Children with a chronic physical illness have a substantially elevated prevalence of psychiatric illness. The odds of having a mental health disorder were 62% higher among children with vs without a chronic physical condition, even after adjusting for sociodemographic variables and access to health care, according to results from a study published in 2016.1 The risk for psychopathology is even greater among children who have chronic central nervous system (CNS) disorders. In children with epilepsy, various studies have reported a prevalence of mental health problems ranging from 16% to 77%, and a 3-fold to 9-fold risk compared with controls.2 In a recent study of children and adolescents age 10 to 19 years who had epilepsy, the most commonly observed comorbid psychiatric disorders were att...

Why does depression make you feel tired?

Depression can cause debilitating fatigue and make the simplest activities, such as getting out of bed, too difficult to manage.   According to a 2018 report, fatigue affects over 90 percent of people with major depressive disorder.   In this article, learn about the link between depression and fatigue, as well as how to cope.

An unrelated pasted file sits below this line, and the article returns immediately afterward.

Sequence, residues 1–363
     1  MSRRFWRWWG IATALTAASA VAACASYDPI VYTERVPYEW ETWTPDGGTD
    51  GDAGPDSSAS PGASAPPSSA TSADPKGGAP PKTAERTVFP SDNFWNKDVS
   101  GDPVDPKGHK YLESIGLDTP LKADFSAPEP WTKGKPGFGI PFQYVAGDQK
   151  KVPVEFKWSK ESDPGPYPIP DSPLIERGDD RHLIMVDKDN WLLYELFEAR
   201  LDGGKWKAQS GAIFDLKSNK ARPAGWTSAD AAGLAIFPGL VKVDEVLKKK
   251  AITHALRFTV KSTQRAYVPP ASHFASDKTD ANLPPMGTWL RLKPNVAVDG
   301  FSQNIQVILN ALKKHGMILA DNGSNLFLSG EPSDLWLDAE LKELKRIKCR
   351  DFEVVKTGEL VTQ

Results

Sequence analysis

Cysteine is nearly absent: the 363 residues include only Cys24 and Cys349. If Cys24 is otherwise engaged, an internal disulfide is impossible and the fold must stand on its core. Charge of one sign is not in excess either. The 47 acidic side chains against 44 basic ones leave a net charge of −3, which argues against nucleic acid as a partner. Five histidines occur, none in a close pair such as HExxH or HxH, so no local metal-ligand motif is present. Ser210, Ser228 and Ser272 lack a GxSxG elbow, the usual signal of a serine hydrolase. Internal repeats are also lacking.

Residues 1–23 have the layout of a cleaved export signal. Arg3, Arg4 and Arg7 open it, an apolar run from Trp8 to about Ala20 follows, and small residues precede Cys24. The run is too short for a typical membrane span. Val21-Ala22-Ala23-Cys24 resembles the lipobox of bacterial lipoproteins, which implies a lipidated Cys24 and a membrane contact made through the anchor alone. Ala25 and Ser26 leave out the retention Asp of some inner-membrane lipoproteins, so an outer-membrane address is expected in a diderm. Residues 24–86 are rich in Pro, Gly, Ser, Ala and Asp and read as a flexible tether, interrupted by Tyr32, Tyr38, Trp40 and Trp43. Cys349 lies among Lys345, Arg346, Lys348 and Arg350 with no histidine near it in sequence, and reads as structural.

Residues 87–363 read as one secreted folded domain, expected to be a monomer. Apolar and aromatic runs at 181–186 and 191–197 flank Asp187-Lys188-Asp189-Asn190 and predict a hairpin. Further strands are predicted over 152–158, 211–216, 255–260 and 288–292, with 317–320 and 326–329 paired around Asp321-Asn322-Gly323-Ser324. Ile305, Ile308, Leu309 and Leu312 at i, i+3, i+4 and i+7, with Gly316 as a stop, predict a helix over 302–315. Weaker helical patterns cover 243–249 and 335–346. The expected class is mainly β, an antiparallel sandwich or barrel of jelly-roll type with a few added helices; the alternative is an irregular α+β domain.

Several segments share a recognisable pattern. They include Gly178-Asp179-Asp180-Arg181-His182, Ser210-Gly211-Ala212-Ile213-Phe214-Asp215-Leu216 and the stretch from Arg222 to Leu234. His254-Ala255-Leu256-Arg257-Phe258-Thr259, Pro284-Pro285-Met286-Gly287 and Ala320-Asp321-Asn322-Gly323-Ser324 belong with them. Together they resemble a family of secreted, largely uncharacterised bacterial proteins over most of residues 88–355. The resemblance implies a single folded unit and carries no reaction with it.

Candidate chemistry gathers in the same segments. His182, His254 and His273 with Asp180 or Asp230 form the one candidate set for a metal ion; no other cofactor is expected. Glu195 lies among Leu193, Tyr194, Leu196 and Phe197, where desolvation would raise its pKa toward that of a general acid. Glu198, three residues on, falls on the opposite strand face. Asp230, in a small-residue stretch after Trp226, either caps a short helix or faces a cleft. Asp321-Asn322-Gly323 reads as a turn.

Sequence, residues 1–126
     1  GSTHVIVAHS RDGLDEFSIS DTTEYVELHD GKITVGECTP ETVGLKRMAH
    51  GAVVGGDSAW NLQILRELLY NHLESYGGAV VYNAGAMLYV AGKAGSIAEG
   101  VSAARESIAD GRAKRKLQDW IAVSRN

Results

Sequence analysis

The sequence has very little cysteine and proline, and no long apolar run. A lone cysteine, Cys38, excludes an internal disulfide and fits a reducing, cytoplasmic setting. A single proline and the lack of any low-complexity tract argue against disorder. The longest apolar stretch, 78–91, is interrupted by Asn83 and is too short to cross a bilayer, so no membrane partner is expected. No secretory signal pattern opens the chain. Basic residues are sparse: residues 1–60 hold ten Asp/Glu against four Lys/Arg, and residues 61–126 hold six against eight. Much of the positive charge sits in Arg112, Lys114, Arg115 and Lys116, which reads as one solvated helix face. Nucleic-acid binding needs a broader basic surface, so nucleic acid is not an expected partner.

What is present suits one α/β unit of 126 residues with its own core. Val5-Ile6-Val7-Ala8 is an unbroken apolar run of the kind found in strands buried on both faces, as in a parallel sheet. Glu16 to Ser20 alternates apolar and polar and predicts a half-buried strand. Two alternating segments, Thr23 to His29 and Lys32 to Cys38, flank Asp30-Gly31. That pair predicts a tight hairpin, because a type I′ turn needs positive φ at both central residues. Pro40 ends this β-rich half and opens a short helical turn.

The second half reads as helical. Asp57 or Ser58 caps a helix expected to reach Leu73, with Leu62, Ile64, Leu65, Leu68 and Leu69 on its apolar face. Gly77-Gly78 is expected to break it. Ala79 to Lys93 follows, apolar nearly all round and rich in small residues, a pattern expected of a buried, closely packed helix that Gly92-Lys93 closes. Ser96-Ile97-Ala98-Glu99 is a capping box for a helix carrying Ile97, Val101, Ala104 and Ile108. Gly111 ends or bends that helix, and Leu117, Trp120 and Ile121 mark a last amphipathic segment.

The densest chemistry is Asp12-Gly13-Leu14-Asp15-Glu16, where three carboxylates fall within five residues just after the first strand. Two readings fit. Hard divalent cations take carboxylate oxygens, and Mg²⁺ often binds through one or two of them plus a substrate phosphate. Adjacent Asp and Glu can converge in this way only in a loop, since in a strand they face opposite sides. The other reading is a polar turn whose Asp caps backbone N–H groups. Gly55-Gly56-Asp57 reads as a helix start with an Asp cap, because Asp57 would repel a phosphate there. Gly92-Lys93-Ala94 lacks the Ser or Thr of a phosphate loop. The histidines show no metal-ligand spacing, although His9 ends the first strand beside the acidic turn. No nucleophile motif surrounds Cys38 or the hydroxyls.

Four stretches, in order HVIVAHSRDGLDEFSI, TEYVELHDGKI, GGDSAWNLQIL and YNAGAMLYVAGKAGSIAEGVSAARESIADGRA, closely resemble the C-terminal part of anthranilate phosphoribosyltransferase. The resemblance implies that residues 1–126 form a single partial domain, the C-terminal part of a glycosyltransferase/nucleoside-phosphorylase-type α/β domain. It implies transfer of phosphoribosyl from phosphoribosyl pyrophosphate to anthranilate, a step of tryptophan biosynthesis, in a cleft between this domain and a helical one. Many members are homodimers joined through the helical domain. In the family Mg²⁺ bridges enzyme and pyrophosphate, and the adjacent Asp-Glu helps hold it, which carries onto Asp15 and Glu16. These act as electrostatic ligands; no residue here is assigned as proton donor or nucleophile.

Cognitive-behavioural therapy does not meaningfully reduce depression in most people with epilepsy: a systematic review of clinically reliable improvement

Depression and anxiety are common comorbid conditions in people with epilepsy. Their presence is associated with an increase in suicide risk, increase healthcare costs, increase in mortality and reduced quality of life.

Epileptic seizures and depression may share a common genetic cause, study suggests

Rutgers and Columbia scientists assessed family histories of epilepsy and depression to find a possible genetic relationship   From the time of Hippocrates, physicians have suspected a link between epilepsy and depression. Now, for the first time, scientists at Rutgers University-New Brunswick and Columbia University have found evidence that seizures and mood disorders such as depression may share the same genetic cause in some people with epilepsy, which may lead to better screening and treatment to improve patients’ quality of life.